process of created the head molds, and once the doll was
ready to produce a Deco Guide/Paintmaster and for some
dolls Rooting Guide were sent to the factor(s) to show
exactly how the make-up and hair should look. Hasbro also
sent slides to the factor(s) to show what the final doll
should look like.
* = for prototypes, the designer
and prototype creator are not always the same person //
only known artist, but other artist may have been used.
Sharon Knettell was the exclusive artist box art for the
1986 dolls and playsets, Hasbro had other artist manipulating
and copying her style for the 1987 boxes to save money,
so it is unclear which are specifically her designs. There
is no sign of box art being included in one the 1988 doll
Besides developing the doll line, having
Sunbow develop the cartoon to sell the line, Hasbro also
had to develop licensing and promotional material to promote
the doll line. The Licensing Kit was developed to give
licensees a guide to follow when packaging their licensed
Jem product to have a constant look across all categories.
The Hasbro Toy Catalogs were produced to show the available
products each year to stores and the stores' toy buyers.
The doll posters were produced and sold in the packages
to show the consumer the other offerings available at
The “New Look”
Holograms were excluded from the November 1986 Licensing
Kit update, more than likely a later update was released
to include the “New Look” Holograms along
with the new band members. The “New Look”
Kimber and “New Look” Aja illustrations were
featured on multiple Family Home Entertainment VHS
The band members of the Holograms and the
Misfits were being discontinued in 1988, only the “friends
of the Holograms” and “friends of the Misfits”
were going to be offered in 1988. Hasbro felt the non-band
members gave more diversity to themes and play for Jem.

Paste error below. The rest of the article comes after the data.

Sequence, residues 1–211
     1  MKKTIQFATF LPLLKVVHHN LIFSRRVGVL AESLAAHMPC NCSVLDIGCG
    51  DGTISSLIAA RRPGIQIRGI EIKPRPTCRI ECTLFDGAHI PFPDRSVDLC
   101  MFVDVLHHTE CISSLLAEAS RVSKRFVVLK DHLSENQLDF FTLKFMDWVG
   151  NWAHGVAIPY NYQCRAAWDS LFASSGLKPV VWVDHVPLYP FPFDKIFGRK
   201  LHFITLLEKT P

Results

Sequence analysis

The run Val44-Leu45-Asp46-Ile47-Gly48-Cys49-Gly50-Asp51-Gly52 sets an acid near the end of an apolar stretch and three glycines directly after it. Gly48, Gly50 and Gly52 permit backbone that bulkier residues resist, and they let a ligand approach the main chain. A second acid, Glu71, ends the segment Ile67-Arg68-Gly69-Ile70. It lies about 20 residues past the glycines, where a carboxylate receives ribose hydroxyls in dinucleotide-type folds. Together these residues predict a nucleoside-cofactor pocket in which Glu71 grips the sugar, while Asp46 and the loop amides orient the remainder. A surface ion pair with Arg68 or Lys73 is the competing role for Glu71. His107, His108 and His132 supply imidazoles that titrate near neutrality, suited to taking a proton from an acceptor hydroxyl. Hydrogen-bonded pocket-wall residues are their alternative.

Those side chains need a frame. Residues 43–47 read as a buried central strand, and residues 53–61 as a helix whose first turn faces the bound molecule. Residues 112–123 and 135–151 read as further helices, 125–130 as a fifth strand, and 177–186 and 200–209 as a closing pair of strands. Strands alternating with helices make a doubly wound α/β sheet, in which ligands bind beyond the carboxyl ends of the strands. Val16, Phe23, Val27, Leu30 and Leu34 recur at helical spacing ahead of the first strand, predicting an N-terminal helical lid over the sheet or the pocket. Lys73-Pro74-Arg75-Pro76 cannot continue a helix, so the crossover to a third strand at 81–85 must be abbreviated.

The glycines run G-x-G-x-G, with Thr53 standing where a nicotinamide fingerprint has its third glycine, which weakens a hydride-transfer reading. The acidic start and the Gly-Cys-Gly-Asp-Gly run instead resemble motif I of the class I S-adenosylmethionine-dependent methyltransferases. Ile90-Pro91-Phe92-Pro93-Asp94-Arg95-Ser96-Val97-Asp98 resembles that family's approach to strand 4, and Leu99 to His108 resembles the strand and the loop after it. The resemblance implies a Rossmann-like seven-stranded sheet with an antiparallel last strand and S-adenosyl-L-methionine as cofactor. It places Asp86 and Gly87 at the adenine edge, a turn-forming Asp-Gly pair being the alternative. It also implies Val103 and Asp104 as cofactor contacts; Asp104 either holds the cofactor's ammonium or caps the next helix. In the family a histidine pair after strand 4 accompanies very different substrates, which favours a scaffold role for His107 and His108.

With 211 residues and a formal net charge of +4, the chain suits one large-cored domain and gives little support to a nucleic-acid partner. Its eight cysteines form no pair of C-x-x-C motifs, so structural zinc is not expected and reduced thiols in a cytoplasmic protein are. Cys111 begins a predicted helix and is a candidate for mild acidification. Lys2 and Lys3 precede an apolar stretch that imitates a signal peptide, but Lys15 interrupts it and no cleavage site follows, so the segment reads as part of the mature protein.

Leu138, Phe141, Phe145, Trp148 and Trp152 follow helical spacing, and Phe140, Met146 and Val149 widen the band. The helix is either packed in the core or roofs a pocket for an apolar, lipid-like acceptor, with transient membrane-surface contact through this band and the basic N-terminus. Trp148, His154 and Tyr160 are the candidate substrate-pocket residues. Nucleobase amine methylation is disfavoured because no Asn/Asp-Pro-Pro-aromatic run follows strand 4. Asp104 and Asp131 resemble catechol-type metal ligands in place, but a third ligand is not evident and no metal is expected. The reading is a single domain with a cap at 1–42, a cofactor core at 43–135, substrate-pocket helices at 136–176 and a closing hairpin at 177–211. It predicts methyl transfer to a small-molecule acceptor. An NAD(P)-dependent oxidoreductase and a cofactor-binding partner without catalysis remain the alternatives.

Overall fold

After slow Misfits sales in 1987, Hasbro decided to
pull the Misfits all together, which included a new design
for Pizzazz, a new friend of the Misfits Graphix and rumored
Clash with longer hair.
Because of the demand and the chance for international trade conflicts, Hasbro employed multiple factories to produce the 1986 line. Two factories were responsible for the exact same doll and fashion, which gave us mold and fabric variations between the two factories. Because of less demand in 1987, each doll was only produced in a single factory limiting these variations. Of the 1988 line, the only known doll to be produced was Rockin’ Romance JEM® in very small numbers.
In 2012 Integrity Toys, Inc. released a
Hasbro licensed adult collector line called “The
JEM AND THE HOLOGRAMS™ Collection” The collection
was launched with the 2012 San Diego Comic Con Exclusive
Basic Hollywood Jem™, a first wave of dolls came
out in December with Classic Jem™, Jerrica Benton™,
Synergy™, Rio Pacheco™. With success of the
first wave and 3 more waves which included the original
band members for the Holograms, the Misfits and the Stingers
in 2013, the licensed deal was expanded to include more
exclusive dolls, along with additional band members and
friends based on the Hasbro dolls. The collection has
grown into included characters that were developed Christy
Marx as secondary characters in the cartoon.